Moved by Lord Hodgson of Astley Abbotts
2: After Clause 36, insert the following new Clause—“References to the Tribunal(1) In section 325 of the Charities Act 2011, in subsection (2), for “with the consent of the Attorney General” substitute “where the Commission has given the Attorney General 28 days’ notice of its intention to make such a reference”.(2) In section 326 of the Charities Act 2011, in subsection (1), at the end insert “provided the Attorney General has given the Commission 28 days’ notice of his or her intention to make such a reference”.”Member’s explanatory statementThis amendment implements the Law Commission’s recommendations that the Charity Commission should not be required to obtain the consent of the Attorney General before making a reference to the Tribunal and vice versa.
My Lords, the hour is late—later than any of us would wish it to be. In the famous phrase of Mr Jeremy Clarkson, it is time to put the pedal to the metal. Before I do, I thank the noble Lord, Lord Stevenson of Balmacara, and the noble Baroness, Lady Barker, for their putting their names to this amendment. The noble Baroness has tested positive for Covid and cannot be here tonight. I am sure that I speak for the whole House in wishing her a very speedy recovery.
The only other preliminary remark I wish to make is addressed to the Minister, who has struggled mightily to find a way through this particular problem. However, I am afraid that he has been impaled—as I have—on what I can only describe as the obduracy and inflexibility of the Attorney-General’s Office. With that—to horse!
When I undertook the review of the Charities Act for the Government 10 years ago, it was brought home to me that there was a fundamental flaw at the top of the regulatory structure. This comes about because under Section 325 of that Act, the Charity Commission, the sector’s regulator, cannot—and I mean cannot—approach the charity tribunal for a ruling on a point of law unless it has first obtained the permission of the Attorney-General. This has a number of serious consequences, which were brought out to me in evidence I gathered for my review.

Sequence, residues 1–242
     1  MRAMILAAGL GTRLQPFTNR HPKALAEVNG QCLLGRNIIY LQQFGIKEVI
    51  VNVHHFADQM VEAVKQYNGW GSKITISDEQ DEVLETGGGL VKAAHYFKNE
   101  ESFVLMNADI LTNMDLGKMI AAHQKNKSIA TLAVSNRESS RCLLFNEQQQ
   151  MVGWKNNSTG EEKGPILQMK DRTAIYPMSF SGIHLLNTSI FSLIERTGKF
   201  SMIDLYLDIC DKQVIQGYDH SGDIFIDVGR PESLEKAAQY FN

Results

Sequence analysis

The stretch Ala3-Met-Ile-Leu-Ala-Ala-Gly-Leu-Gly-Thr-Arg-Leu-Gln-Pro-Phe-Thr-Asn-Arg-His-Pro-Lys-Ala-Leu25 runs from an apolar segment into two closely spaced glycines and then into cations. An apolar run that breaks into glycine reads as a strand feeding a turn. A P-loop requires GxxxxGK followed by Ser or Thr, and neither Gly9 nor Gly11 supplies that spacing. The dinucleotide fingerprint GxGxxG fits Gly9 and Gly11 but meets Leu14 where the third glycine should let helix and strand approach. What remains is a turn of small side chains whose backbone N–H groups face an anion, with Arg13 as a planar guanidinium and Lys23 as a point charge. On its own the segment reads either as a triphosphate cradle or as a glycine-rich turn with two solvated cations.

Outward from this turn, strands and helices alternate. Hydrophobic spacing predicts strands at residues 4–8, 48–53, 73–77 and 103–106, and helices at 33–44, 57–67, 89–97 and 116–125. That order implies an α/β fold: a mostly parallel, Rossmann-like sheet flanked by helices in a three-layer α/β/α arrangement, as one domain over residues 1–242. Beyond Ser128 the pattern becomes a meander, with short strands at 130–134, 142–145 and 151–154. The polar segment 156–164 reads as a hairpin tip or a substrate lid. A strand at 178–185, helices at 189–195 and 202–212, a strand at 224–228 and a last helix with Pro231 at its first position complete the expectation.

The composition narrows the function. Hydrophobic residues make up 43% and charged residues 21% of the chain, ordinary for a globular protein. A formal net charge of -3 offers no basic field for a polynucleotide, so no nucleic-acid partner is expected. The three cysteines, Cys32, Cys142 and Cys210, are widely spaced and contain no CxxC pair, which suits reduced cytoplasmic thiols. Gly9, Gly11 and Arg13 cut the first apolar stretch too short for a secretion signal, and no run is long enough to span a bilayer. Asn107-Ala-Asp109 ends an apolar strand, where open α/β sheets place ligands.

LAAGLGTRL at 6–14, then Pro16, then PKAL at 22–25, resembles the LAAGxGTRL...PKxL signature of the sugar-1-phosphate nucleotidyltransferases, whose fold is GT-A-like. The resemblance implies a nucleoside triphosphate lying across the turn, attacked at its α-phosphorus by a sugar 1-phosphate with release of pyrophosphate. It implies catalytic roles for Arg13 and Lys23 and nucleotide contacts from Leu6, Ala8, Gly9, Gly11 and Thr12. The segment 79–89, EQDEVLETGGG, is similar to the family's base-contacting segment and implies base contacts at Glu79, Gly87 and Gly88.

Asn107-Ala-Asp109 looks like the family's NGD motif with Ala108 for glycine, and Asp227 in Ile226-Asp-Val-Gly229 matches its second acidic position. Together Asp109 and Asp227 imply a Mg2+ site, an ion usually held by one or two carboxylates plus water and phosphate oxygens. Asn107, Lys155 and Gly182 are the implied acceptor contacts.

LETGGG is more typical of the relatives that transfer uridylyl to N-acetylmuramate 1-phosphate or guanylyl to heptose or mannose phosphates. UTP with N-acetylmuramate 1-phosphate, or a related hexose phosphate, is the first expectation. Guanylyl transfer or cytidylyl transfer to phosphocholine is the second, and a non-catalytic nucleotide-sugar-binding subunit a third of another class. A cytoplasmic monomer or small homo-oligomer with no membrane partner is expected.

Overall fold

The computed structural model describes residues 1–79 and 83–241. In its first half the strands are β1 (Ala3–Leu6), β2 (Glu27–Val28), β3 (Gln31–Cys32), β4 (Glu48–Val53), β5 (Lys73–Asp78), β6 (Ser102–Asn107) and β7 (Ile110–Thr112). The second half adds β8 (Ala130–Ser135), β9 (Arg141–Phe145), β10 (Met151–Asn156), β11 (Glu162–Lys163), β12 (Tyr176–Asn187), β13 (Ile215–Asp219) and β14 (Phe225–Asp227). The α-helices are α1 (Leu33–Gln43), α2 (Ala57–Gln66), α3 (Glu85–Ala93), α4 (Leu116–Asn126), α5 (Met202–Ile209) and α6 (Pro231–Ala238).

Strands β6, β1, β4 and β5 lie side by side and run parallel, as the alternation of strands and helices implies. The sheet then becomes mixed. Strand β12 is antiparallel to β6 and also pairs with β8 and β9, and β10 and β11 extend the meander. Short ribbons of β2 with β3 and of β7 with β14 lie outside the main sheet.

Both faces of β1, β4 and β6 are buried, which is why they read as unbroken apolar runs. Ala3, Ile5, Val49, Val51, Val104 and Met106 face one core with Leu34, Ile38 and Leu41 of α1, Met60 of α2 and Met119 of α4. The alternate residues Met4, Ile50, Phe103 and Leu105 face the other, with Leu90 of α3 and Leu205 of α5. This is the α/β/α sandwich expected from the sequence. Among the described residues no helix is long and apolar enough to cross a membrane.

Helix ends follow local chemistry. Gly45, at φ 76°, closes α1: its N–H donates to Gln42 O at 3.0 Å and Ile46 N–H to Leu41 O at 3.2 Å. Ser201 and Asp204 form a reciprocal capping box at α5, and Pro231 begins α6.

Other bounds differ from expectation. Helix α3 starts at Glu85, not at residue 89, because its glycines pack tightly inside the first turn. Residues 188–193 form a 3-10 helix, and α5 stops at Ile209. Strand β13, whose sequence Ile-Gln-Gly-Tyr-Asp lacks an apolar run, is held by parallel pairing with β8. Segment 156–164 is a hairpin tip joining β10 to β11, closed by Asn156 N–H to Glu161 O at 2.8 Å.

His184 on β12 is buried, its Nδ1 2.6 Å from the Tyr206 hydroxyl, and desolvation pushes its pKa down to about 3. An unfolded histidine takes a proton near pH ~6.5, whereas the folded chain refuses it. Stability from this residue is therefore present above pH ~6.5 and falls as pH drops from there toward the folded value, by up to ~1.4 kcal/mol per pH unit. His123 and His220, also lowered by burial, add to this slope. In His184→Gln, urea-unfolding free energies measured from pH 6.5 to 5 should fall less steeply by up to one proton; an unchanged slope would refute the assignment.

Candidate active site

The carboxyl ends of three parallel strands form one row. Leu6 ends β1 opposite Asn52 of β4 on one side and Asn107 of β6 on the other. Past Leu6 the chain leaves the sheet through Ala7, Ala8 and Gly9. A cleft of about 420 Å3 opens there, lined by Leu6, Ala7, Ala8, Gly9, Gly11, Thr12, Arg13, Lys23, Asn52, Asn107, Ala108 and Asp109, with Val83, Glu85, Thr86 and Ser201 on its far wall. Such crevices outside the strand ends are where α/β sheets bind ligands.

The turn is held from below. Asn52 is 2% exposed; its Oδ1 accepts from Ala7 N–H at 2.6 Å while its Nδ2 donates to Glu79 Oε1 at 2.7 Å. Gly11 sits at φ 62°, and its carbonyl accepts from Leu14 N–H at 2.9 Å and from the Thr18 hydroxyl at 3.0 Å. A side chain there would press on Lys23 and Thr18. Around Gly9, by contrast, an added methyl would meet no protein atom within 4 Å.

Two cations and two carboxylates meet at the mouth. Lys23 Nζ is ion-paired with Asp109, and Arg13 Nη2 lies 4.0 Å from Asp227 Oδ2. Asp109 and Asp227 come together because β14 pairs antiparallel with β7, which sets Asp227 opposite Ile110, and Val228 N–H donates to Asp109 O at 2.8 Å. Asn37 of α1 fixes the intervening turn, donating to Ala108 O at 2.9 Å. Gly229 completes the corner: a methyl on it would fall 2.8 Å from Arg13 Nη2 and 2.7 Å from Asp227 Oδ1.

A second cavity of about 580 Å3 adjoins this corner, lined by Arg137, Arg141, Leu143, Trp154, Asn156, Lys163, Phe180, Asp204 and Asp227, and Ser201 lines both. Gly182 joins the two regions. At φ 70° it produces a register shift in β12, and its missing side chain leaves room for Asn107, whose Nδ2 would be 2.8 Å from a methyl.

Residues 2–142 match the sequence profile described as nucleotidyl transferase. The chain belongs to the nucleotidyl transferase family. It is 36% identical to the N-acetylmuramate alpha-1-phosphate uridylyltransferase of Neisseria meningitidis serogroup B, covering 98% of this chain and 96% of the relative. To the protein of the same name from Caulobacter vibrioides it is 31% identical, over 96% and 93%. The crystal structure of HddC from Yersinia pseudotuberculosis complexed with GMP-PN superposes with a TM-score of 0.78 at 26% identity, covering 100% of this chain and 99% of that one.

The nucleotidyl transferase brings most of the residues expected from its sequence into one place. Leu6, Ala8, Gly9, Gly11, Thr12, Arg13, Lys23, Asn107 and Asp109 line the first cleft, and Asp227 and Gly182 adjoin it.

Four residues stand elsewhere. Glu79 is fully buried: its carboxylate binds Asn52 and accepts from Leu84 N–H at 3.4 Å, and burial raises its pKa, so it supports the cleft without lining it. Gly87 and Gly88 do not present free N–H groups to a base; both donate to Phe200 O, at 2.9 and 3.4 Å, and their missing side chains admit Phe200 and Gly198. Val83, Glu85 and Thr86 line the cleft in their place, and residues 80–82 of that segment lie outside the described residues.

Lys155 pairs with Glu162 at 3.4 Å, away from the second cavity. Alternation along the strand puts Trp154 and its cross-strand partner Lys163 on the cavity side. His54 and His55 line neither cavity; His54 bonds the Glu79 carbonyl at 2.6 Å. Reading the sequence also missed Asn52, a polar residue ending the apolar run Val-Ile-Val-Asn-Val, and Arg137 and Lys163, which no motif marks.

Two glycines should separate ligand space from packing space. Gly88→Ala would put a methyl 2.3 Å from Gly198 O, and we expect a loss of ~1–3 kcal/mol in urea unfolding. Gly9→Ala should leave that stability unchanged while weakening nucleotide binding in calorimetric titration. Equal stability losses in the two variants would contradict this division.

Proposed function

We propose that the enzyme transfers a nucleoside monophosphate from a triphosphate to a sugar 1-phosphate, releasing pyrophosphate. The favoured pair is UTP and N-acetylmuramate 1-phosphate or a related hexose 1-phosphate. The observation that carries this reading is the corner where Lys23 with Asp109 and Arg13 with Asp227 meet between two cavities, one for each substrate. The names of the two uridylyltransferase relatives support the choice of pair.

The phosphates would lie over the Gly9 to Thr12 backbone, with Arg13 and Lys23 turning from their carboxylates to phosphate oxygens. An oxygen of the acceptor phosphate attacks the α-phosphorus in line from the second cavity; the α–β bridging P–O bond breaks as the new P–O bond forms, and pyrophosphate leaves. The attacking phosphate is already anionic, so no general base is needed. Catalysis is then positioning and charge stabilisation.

First, there is not a clear chain of responsibility and command: an important issue in regulating a sector as diverse as the charity sector. Secondly, this divergence of control can undermine the authority of the commission and prevent it obtaining clarity in the development of charity law. Thirdly, and most unattractively, there is a possibility that rich, powerful and well-connected charities will think it possible to take on the commission in the hope that the Attorney-General will provide cover for them later. Those were the points made in favour of sorting this out.
However, there was a contrary point, which was that the commission should not be permitted to go running off to the tribunal too frequently. Therefore, when I made my recommendation, I said that while the veto of the Attorney-General should go, the Charity Commission had to inform the Attorney-General and join the Attorney-General in any case it wished to take to the tribunal. Therefore the veto went, but in no way could the Attorney-General be blindsided.